Elie Ata ’12, Resident Physician
“I remember and live Merrimack College’s mission - enlighten minds, engage hearts, and empower lives - not only did I use it for my own benefit, I use it to enlighten, engage, and empower patients to be advocates for their own health.”
As an undergraduate, Elie joined the Merrimack Community as an honor’s student, and through this program was able to work with the Corpus Christi House in Lawrence, Mass. This was Elie’s first exposure to terminal and chronically ill patients, as he helped translate paperwork and explain the nature of their disease to patients.
“Working with these populations was very difficult and emotionally taxing, and it always left me wanting to do more. I found my calling by going into medicine, to be on the forefront by making sure patients are not left in the dark or lost with their health and care plans.”
He went on to pursue graduate school at Central Michigan University College of Medicine, where he was part of their inaugural class. Out of sixty-four students, Elie was one of four out-of-state graduates.
“Merrimack played an immense role in this decision, as I was part of the inaugural Honors Program class at Merrimack and that gave me insight on how students could be a resource for developing and creating a program that faculty, staff, administration, and students could be happy with and provide feedback on how to improve and grow.”
Elie is currently a resident family medicine physician just a stone’s throw away from the Merrimack campus, at the Greater Lawrence Family Health Center in Lawrence, Mass.
“The residency program is very unique and innovative. We develop competencies in outpatient clinic care, inpatient care, pediatric medicine, and obstetrics. The residency lets you develop the skills you are interested in with areas of concentration, which include addiction medicine, HIV care, surgical obstetrics, health systems management, women’s health, and behavioral health.”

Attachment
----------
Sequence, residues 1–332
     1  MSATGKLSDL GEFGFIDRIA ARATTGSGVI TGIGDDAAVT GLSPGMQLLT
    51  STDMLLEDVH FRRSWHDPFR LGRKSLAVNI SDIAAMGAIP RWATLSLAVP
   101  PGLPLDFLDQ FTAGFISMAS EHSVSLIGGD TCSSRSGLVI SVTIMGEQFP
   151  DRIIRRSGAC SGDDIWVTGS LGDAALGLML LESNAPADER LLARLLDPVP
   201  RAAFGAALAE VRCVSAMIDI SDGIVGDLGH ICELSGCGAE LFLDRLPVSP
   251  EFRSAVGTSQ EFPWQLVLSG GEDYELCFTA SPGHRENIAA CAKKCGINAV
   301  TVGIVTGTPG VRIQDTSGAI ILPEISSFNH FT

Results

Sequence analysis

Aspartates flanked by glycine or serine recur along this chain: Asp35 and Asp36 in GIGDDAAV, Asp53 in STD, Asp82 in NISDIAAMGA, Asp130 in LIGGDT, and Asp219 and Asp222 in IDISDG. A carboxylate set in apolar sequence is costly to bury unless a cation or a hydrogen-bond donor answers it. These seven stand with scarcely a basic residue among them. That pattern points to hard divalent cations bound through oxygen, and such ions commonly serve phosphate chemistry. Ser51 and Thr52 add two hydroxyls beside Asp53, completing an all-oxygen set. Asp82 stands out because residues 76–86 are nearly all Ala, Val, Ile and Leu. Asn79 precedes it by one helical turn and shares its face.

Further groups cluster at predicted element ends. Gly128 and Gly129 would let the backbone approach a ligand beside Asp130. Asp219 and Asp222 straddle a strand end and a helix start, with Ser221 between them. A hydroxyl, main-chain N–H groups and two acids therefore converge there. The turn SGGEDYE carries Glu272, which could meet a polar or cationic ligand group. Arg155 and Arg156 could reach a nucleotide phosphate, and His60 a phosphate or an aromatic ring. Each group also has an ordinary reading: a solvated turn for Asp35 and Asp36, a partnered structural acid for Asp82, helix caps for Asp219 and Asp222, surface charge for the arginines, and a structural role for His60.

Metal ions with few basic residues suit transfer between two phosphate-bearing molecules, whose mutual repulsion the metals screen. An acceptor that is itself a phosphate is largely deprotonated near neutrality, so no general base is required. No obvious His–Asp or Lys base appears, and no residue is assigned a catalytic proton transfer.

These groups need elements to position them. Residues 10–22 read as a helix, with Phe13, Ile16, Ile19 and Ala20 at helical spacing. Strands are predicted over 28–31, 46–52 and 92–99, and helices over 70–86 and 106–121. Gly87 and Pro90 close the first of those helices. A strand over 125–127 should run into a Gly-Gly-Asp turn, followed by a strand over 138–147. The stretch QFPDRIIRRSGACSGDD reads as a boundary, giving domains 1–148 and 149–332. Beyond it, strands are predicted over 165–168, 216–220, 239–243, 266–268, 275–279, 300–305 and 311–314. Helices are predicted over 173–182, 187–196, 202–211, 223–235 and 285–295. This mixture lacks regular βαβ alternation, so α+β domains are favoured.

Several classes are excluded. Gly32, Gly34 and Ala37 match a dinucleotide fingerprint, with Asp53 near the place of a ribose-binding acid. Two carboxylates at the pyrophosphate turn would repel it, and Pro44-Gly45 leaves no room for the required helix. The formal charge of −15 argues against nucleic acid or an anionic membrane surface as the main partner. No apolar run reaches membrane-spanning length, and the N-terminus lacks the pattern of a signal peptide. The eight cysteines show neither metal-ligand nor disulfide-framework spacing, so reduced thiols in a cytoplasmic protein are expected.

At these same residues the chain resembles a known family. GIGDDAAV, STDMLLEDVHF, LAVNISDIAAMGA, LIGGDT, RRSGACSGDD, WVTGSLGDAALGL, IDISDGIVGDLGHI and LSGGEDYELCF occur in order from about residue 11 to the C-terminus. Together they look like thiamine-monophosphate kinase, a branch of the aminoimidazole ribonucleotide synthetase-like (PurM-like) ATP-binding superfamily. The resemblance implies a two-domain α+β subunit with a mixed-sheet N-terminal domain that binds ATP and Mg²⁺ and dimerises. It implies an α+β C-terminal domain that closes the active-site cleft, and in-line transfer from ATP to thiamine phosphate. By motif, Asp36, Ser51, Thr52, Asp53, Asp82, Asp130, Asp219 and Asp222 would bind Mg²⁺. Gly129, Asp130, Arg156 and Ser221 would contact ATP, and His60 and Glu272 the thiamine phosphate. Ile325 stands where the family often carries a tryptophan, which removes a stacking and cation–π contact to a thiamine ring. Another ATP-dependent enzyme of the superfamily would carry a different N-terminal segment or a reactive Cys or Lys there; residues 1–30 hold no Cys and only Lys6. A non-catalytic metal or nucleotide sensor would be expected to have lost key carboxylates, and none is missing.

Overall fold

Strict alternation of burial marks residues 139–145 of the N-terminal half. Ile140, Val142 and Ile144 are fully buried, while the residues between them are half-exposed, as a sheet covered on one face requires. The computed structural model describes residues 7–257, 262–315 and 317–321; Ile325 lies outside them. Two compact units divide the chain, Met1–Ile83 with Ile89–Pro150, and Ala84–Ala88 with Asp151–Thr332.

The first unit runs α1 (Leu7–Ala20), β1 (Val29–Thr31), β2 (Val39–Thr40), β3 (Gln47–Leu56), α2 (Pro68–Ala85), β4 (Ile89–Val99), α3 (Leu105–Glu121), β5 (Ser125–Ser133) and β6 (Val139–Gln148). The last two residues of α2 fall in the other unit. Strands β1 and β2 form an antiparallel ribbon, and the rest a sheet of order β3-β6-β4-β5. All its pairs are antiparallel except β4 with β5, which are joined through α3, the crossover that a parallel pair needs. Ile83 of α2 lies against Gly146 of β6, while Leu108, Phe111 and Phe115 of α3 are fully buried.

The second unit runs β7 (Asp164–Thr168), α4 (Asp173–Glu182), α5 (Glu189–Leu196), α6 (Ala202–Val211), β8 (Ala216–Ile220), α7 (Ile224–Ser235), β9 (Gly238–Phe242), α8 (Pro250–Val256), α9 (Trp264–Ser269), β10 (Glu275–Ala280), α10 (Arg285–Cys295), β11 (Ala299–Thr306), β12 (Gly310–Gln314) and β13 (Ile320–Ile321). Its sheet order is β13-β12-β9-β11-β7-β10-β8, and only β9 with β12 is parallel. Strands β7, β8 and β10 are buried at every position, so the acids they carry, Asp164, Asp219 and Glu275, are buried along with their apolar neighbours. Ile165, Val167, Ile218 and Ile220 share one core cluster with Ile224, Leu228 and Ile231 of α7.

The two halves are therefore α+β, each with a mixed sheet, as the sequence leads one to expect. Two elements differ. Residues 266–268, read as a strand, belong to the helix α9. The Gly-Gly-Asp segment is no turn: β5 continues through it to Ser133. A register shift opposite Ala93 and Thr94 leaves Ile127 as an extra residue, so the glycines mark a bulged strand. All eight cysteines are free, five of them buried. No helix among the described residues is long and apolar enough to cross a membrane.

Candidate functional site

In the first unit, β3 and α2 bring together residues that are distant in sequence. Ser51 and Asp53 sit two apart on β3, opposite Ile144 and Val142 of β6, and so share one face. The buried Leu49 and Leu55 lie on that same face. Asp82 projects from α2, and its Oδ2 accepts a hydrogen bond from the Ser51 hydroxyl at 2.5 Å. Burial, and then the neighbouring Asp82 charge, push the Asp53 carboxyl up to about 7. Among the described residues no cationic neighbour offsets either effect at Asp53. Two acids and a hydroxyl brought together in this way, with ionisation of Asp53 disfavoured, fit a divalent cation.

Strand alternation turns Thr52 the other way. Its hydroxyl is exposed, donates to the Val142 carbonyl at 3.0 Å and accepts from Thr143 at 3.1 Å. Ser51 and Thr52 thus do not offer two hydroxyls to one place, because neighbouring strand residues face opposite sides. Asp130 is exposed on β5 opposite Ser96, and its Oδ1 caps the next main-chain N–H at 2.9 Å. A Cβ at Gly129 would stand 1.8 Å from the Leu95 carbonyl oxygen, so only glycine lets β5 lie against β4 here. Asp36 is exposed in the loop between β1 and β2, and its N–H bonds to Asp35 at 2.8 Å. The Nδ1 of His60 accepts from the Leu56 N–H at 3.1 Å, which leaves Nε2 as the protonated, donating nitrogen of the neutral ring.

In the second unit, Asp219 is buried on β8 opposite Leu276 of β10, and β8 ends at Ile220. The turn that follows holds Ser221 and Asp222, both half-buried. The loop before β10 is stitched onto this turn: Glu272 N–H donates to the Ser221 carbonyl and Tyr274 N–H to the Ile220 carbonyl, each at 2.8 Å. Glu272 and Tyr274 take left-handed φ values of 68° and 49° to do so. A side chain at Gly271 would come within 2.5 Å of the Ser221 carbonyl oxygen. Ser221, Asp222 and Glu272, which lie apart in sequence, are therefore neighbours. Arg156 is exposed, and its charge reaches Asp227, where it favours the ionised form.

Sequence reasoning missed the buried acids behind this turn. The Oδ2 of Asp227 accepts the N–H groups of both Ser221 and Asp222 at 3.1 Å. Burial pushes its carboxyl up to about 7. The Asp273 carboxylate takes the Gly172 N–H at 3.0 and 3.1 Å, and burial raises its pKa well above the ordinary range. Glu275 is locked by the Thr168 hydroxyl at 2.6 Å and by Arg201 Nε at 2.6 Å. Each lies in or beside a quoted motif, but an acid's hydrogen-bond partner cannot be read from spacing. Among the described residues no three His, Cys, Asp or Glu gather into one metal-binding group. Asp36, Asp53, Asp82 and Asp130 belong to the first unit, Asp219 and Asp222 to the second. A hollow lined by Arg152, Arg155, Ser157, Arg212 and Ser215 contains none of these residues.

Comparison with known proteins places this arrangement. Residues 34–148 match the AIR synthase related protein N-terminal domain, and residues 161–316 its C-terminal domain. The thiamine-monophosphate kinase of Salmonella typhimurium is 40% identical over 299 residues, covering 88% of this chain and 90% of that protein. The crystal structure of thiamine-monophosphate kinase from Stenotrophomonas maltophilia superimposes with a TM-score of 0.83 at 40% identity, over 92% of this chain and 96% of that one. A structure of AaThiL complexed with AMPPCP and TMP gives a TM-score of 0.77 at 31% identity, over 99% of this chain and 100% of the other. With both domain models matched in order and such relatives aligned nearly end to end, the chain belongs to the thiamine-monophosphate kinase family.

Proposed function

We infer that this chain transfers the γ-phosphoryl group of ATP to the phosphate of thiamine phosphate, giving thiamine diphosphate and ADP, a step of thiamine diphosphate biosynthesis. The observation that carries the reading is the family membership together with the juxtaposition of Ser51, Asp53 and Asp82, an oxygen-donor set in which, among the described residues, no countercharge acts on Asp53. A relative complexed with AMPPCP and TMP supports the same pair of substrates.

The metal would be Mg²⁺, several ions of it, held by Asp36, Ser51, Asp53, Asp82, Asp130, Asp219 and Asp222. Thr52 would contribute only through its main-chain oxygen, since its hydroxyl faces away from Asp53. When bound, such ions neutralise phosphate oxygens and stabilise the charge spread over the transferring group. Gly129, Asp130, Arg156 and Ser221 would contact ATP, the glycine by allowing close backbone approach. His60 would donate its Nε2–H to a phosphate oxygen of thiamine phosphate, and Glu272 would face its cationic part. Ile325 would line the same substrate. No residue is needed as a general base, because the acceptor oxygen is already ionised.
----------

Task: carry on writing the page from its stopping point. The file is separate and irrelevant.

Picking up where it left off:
How did your experience at Merrimack help you as a professional?
I remember one of my very first hours as an undergrad, in one of my very first classes, we were working with Plato’s Apology and Socrates’ famous quote “The unexamined life is not worth living.” It’s really hard to make philosophy memorable for a science major, but somehow it stuck. Every now and then I find myself remembering the quote, examining my decisions and how I live day to day and try to find one or two ways to improve and with this I find myself growing and learning every single day.
What is the best advice you could give current Merrimack students?
Enjoy yourself, it’s the last four years where you’ll still get a summer break.
Learn as much as you can, and I would say more importantly not all education happens in the class room, make sure to always look for those places to grow and examine your life and decisions.
What is your Favorite Merrimack memory?
My favorite Merrimack memory isn’t even a memory, and as cheesy as it sounds, it’s the friends and connections that I made while I was at Merrimack. I’m still in touch with faculty, administration, and fellow students that I met during my four years at Merrimack.